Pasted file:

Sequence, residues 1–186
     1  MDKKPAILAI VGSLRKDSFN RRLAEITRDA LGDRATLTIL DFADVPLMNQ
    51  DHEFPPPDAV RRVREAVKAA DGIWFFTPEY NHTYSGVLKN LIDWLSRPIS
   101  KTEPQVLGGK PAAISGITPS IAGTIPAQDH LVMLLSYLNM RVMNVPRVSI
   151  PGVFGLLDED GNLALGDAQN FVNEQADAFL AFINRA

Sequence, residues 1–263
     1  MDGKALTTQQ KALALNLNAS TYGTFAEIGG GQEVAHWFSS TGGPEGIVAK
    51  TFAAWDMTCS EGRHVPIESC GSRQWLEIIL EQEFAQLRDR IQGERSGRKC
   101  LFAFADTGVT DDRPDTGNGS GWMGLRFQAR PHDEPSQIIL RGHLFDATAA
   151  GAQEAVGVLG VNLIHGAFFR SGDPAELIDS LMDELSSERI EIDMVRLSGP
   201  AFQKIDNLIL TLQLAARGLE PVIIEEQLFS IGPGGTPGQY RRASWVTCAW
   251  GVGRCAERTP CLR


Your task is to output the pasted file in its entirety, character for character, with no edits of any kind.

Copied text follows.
Sequence, residues 1–186
     1  MDKKPAILAI VGSLRKDSFN RRLAEITRDA LGDRATLTIL DFADVPLMNQ
    51  DHEFPPPDAV RRVREAVKAA DGIWFFTPEY NHTYSGVLKN LIDWLSRPIS
   101  KTEPQVLGGK PAAISGITPS IAGTIPAQDH LVMLLSYLNM RVMNVPRVSI
   151  PGVFGLLDED GNLALGDAQN FVNEQADAFL AFINRA

Sequence, residues 1–263
     1  MDGKALTTQQ KALALNLNAS TYGTFAEIGG GQEVAHWFSS TGGPEGIVAK
    51  TFAAWDMTCS EGRHVPIESC GSRQWLEIIL EQEFAQLRDR IQGERSGRKC
   101  LFAFADTGVT DDRPDTGNGS GWMGLRFQAR PHDEPSQIIL RGHLFDATAA
   151  GAQEAVGVLG VNLIHGAFFR SGDPAELIDS LMDELSSERI EIDMVRLSGP
   201  AFQKIDNLIL TLQLAARGLE PVIIEEQLFS IGPGGTPGQY RRASWVTCAW
   251  GVGRCAERTP CLR